In contrast, the UK prioritizes individual freedom and liberty, thereby encouraging individuals to express their thoughts and pursue their goals without undue influence from external sources. The emphasis on individualism in British culture is reflected, whereby individuals are encouraged to take control of their lives and pursue their personal interests.

The dimension of masculinity gauges the extent to which a given society prioritizes traits such as competitiveness and assertiveness over those of cooperation and consensus-building. As per the Hofstede framework, it has been observed that the United Kingdom outperforms India on this particular dimension. This indicates that the British culture tends to prioritize achievement and competition to a greater extent (Vélez-Agosto et al., 2017). British enterprises exhibit a highly competitive nature, fostering a culture of striving for achievement and recognition among individuals.

In contrast, India prioritizes cooperation and consensus-building over competition and individual achievement. In the Indian culture, there is a strong emphasis on the significance of relationships and social connections, which motivates individuals to collaborate towards achieving common goals.

Uncertainty avoidance refers to the degree to which individuals or societies feel uncomfortable with ambiguity, uncertainty, and unpredictability. It is a cultural dimension that describes the extent to which people prefer structured situations over unstructured ones. The dimension of uncertainty avoidance measures the extent to which a culture is willing to tolerate ambiguity and uncertainty. As per the Hofstede framework, it can be observed that Indian culture places greater emphasis on consistency and tradition as compared to change and risk-taking, thereby resulting in India outperforming the UK on this particular dimension. The Indian enterprises exhibit a highly structured nature, characterized by a comprehensive set of rules and regulations that govern every aspect of their operations.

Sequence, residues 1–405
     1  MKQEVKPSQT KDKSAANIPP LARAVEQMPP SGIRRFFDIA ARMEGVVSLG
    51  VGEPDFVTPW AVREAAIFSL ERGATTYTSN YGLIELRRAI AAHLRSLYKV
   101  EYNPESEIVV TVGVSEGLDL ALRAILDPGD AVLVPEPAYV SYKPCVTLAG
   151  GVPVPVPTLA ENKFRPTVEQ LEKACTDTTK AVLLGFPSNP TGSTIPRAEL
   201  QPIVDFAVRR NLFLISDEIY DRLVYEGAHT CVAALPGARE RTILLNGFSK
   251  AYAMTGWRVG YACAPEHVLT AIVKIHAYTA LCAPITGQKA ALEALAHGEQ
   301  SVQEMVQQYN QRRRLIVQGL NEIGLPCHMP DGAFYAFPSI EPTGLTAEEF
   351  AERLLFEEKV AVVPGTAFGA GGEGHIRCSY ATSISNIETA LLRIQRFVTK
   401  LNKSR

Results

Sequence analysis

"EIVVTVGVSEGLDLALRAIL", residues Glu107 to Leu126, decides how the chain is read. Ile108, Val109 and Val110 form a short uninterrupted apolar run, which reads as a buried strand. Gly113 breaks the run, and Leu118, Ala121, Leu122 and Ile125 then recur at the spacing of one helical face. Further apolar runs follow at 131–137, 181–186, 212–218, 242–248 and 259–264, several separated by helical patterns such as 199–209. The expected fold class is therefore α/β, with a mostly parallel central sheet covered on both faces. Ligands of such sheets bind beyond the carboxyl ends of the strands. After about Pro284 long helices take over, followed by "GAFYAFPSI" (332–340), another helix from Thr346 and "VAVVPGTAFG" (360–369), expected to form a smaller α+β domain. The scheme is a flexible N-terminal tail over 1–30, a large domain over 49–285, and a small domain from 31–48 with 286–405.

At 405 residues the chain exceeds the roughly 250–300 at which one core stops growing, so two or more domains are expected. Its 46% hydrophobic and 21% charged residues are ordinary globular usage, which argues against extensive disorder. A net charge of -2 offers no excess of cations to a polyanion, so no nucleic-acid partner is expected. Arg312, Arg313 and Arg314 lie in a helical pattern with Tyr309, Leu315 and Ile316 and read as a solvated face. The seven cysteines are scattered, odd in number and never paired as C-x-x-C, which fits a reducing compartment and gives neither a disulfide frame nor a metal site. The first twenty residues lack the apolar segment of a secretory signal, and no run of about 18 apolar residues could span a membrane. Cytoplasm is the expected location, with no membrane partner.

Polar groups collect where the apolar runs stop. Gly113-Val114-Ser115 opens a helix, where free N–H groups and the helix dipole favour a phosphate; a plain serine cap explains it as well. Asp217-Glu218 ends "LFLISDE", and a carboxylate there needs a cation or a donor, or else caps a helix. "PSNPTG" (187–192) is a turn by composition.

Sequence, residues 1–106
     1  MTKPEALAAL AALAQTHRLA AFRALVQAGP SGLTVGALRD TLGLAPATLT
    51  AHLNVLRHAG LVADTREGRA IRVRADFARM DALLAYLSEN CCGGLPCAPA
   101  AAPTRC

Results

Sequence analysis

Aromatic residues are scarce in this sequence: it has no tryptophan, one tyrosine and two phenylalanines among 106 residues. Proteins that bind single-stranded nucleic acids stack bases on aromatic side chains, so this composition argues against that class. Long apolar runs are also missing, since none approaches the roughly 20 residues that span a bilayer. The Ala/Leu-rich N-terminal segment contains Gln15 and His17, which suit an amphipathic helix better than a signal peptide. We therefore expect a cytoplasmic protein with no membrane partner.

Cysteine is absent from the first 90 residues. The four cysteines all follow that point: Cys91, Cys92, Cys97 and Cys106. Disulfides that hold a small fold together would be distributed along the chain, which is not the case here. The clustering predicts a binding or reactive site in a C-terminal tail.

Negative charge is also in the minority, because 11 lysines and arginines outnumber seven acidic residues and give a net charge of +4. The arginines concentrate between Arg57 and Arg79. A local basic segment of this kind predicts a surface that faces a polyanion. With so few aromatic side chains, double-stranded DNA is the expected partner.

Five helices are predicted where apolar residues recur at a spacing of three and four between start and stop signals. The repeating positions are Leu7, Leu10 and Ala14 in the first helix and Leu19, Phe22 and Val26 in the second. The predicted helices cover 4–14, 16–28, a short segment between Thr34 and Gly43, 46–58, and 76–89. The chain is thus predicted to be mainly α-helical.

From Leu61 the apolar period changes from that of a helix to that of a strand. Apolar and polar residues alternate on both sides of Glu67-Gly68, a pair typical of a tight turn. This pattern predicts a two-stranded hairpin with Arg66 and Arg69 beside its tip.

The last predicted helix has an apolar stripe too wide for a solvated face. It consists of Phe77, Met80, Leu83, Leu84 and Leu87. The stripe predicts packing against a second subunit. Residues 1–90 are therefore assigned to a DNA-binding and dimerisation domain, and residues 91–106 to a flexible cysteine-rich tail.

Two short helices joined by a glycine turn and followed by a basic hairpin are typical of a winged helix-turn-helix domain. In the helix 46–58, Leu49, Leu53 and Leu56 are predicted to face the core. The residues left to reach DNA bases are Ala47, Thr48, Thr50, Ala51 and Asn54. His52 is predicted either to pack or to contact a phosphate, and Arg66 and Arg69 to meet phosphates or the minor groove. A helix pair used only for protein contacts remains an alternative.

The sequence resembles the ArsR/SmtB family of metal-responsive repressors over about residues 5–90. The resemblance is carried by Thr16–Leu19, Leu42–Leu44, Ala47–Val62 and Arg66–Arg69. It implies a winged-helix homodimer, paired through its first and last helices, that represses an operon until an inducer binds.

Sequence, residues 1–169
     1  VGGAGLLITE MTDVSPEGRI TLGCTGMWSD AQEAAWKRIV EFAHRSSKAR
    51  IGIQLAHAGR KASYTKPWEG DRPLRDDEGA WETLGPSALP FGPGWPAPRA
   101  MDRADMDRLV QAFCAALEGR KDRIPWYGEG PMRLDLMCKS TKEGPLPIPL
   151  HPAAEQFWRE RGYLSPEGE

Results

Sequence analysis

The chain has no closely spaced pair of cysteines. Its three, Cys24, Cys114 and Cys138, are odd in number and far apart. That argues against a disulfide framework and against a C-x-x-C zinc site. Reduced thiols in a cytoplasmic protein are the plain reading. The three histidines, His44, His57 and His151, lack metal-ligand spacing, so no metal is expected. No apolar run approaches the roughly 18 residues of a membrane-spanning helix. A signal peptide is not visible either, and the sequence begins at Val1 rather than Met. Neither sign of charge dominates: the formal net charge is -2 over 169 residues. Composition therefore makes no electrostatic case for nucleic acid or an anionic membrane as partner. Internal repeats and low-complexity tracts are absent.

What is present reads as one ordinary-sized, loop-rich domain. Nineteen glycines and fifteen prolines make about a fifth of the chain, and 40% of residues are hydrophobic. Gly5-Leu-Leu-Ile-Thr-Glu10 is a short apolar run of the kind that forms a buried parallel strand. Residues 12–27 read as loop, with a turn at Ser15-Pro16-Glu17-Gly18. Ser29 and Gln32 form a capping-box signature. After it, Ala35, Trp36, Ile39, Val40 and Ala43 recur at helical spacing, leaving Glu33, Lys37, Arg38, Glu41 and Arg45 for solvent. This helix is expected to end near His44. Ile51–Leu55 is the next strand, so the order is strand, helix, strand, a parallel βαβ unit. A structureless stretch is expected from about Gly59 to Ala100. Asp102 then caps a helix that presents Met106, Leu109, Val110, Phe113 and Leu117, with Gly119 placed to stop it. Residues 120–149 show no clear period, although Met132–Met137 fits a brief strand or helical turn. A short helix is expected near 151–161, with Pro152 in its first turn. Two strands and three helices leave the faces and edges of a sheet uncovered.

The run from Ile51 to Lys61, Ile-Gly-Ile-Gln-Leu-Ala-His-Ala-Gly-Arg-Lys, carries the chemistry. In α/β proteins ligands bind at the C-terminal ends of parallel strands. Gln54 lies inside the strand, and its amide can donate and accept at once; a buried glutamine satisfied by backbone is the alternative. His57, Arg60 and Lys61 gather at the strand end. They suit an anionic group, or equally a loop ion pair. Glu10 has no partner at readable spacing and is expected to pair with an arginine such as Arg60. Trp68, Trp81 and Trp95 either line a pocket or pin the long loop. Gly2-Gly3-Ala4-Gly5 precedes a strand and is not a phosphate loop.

According to Wang and Chin (2020), there is a greater emphasis on valuing innovation and risk-taking in the United Kingdom, which fosters an environment that encourages individuals to think creatively and pursue novel ideas. The remarkable dynamism exhibited by British enterprises, which fosters a culture of calculated risk-taking and pursuit of novel opportunities, is indicative of this phenomenon.

The long-term orientation component is utilized to measure the extent to which a culture emphasizes future-oriented planning and investment. As per the Hofstede framework, it can be inferred that Indian culture places a greater emphasis on fostering long-lasting connections between families and communities, thereby surpassing the UK in this particular dimension. The significance of strong familial bonds and a sense of communal belonging is exemplified by the emphasis that Indian culture places on these values.

In contrast, the United Kingdom places greater emphasis on short-term goals and immediate satisfaction. The phenomenon of prioritizing immediate gratification over long-term investments or plans is observed in the consumer culture of the United Kingdom, as noted by Tasci (2021). Nevertheless, it should be noted that the United Kingdom does possess a long-term perspective, albeit to a certain extent. Despite being more prevalent among the elderly demographic, the United Kingdom is renowned for its extensive tradition of frugality and participation in pension investment programs.

Framework 3: The Trompenaars' Seven Dimensions of Culture

This concept focuses on how various cultures respond to universal human problems, such striking a balance between individualism and collectivism or our interaction with the natural world. This helps inbetter understand the underlying values and beliefs that influence cultural behaviour by examining these characteristics.